Those are questions the founders of Argo AI - and automaker partners Ford Motor Co and Volkswagen AG - are betting they can answer by taking a different road than more highly valued rivals. They are steering away from building a robotaxi fleet and focusing instead on getting paid by the mile by customers that will use robot vehicles for multiple purposes, including delivering goods or transporting groups of people in vans.
You might be thinking, wait, is that really different than what other AV companies are thinking? The answer is, no, it is not. In fact, when I Google “autonomous vehicles e-commerce” I get 11.2 million results, including 47,500 news stories about how autonomous vehicle companies, or people paid to think about autonomous vehicle companies, are thinking about e-commerce applications. Just off the top of my head, I can tell you Waymo, Google’s AV company and widely regarded as the industry leader, has been thinking about e-commerce/trucking applications for quite some time. They even have a truck and everything. And getting paid by the mile is the exact opposite of “innovation” in the trucking industry.
The real challenge, for pretty much everyone but Waymo, will be convincing people their self-driving car company is better than everyone else’s self-driving car company.
As an aside, let’s tie this back to the Ford/GM sedan thing. They killed off an entire product line to squeeze the short term profit lemonade to fund AV research for the future. But what if they...can’t make money from AVs in the future? I don’t mean to be alarmist, big, expensive, long-term bets that don’t pay off is how companies die. Or, more accurately, how companies end up running to the Feds asking for a bailout.
From Auto News:
Porsche has taken down payments from 30,000 customers in Europe for its Taycan, the automaker’s first full-electric model, Germany’s Handelsblatt reported.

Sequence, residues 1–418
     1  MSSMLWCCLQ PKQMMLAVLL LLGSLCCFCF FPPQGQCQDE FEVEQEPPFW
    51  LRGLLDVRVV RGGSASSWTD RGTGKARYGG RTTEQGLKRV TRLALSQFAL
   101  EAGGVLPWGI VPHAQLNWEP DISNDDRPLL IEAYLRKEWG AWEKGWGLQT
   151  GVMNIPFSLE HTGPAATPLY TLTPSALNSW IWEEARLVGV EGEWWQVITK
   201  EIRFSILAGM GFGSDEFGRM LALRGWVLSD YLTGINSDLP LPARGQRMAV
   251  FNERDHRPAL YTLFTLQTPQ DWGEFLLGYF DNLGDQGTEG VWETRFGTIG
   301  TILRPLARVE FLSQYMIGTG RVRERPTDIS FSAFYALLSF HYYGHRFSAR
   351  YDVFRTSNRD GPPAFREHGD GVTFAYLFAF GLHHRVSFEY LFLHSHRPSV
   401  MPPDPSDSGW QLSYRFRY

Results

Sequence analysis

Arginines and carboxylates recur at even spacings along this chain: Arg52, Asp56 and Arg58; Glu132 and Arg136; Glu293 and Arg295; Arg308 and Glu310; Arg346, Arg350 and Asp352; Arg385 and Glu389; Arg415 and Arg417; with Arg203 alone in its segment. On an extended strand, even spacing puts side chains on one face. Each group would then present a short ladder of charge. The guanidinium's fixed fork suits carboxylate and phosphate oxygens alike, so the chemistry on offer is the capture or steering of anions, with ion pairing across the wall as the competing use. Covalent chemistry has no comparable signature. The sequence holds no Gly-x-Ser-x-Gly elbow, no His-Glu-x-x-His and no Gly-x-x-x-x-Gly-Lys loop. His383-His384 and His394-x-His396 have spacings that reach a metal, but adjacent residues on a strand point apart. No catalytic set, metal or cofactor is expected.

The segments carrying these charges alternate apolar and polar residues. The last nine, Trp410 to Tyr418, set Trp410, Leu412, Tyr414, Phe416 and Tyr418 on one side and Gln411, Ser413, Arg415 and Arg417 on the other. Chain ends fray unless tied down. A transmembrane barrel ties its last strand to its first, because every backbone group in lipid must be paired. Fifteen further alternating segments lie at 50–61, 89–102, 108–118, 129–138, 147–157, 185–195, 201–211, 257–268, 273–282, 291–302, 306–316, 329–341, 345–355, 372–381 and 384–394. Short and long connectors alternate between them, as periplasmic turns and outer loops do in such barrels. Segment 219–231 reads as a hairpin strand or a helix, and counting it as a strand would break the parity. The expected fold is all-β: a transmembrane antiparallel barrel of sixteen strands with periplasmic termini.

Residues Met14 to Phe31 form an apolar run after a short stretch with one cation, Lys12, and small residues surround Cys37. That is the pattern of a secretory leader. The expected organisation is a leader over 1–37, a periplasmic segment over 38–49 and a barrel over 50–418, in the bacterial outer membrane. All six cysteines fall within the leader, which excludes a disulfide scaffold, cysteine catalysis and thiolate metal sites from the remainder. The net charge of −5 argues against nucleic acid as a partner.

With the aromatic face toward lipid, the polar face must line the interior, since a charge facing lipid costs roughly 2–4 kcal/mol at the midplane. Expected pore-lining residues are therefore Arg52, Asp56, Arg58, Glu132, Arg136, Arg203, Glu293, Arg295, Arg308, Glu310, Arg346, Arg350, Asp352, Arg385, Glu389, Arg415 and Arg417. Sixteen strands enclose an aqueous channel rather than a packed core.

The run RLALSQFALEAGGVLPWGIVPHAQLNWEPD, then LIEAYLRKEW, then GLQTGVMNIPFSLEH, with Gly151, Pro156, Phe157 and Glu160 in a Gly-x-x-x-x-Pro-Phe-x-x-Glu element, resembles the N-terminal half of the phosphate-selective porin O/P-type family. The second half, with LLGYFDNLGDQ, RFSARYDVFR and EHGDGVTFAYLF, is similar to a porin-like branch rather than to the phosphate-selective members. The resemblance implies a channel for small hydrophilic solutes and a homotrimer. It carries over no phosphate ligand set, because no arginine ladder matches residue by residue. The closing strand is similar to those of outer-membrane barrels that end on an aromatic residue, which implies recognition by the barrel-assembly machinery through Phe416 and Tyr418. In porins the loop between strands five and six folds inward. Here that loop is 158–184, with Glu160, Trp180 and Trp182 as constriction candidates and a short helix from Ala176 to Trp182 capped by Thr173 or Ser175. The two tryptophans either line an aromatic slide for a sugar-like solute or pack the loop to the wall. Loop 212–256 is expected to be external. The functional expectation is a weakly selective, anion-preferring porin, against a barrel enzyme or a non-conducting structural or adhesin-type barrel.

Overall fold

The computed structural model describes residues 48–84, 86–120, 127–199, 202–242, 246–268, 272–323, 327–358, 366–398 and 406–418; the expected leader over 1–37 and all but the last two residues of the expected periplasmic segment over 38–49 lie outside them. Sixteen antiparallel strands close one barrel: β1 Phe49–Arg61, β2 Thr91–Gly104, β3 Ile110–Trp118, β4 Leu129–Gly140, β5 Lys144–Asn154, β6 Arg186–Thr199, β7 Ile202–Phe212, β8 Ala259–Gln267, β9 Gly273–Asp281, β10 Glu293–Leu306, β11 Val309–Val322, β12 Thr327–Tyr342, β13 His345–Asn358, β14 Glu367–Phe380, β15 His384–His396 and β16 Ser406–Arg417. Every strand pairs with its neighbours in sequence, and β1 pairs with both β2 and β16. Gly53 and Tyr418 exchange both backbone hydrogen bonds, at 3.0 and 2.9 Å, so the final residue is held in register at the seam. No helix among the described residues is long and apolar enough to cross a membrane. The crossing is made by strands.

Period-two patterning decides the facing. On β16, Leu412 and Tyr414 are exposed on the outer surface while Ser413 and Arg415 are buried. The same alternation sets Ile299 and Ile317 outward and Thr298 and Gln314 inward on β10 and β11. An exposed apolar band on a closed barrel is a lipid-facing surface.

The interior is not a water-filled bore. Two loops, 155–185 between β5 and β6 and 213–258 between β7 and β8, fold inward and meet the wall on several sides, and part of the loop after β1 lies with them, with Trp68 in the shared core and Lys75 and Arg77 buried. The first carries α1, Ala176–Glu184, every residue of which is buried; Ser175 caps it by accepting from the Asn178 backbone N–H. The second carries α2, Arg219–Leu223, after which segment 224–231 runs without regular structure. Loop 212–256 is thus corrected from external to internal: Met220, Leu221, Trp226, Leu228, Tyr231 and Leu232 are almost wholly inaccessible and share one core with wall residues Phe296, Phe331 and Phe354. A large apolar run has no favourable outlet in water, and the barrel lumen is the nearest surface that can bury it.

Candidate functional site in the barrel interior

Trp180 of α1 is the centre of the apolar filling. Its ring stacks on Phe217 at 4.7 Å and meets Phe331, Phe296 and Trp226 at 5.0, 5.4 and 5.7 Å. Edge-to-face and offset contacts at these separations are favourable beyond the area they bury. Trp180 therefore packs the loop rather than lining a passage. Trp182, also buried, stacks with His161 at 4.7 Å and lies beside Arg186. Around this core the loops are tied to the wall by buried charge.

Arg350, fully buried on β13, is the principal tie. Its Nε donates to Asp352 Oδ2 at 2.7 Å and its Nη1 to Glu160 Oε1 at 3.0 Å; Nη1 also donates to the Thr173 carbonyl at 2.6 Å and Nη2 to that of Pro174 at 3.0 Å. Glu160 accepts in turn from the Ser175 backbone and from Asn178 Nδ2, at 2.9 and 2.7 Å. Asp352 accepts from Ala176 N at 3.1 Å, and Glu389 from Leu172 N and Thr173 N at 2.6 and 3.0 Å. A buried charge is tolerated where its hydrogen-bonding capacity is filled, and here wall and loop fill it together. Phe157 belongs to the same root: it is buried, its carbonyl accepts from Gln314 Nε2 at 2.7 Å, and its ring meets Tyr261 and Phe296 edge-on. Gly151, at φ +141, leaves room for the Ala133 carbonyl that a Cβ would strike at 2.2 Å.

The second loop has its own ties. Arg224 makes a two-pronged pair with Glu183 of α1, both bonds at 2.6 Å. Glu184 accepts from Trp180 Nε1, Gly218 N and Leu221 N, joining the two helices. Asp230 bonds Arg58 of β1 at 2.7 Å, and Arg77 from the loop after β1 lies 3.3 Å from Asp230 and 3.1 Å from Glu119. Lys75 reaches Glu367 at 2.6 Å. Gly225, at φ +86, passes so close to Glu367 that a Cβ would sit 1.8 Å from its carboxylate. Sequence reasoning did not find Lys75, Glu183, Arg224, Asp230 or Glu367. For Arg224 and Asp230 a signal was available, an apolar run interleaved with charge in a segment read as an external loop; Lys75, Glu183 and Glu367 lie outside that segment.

These customers have made down payments of 2,500 euros ($2,771) each and 10,000 of them have already placed a firm order to buy a Taycan, CEO Oliver Blume told the business paper. This exceeded the company’s expectations, Blume said.
But how many preorders would they have gotten if it was a truck and shaped like a drunken triangle and cost only $100 and had a name referencing the purgatory between reality and fantasy?
Honda is generally regarded as one of the more reliable automakers but apparently they are not. Again, from Auto News:
At the Hotel Higashinihon in Utsunomiya, [Honda CEO Takahiro] Hachigo told them the Japanese automaker was facing a crisis after a string of costly recalls and other quality blunders and it needed to plot a new course, according to two people who attended the meeting.
Since then, Hachigo has been quietly working on reforms to centralize decision-making by bringing Honda’s standalone r&d division in-house and cutting some senior management roles, according to three Honda insiders.
Expected to be announced early next year, the reforms are meant to simplify the way Honda designs cars and put its engineering resources to more effective use at a time when it needs to develop vehicles for an electric age, the sources said.
“Decades ago, localization ... was the buzz word and our tech center independence was a key driver for innovation,” said a former Honda executive who now is the head of one of its suppliers. “Those days are over.”
Basically, Honda has too many models and too many trims, which makes building the cars hard. In my experience, the things that make or break massive enterprises are whether or not they get the details right—or, more precisely, have the organizational ability to course correct when it’s getting stuff wrong—so best wishes to Honda as it tries this delicate corporate maneuver.
I know this sounds like a stupid question, but sometimes the stupid questions are the best ones. Or, they’re just stupid, but there’s only one way to find out.
The only thing I’ll say before taking it to the comments is: remember, they don’t just have to make a profit from day one of operations, they’ll have to account for the billions of dollars in R&D already invested.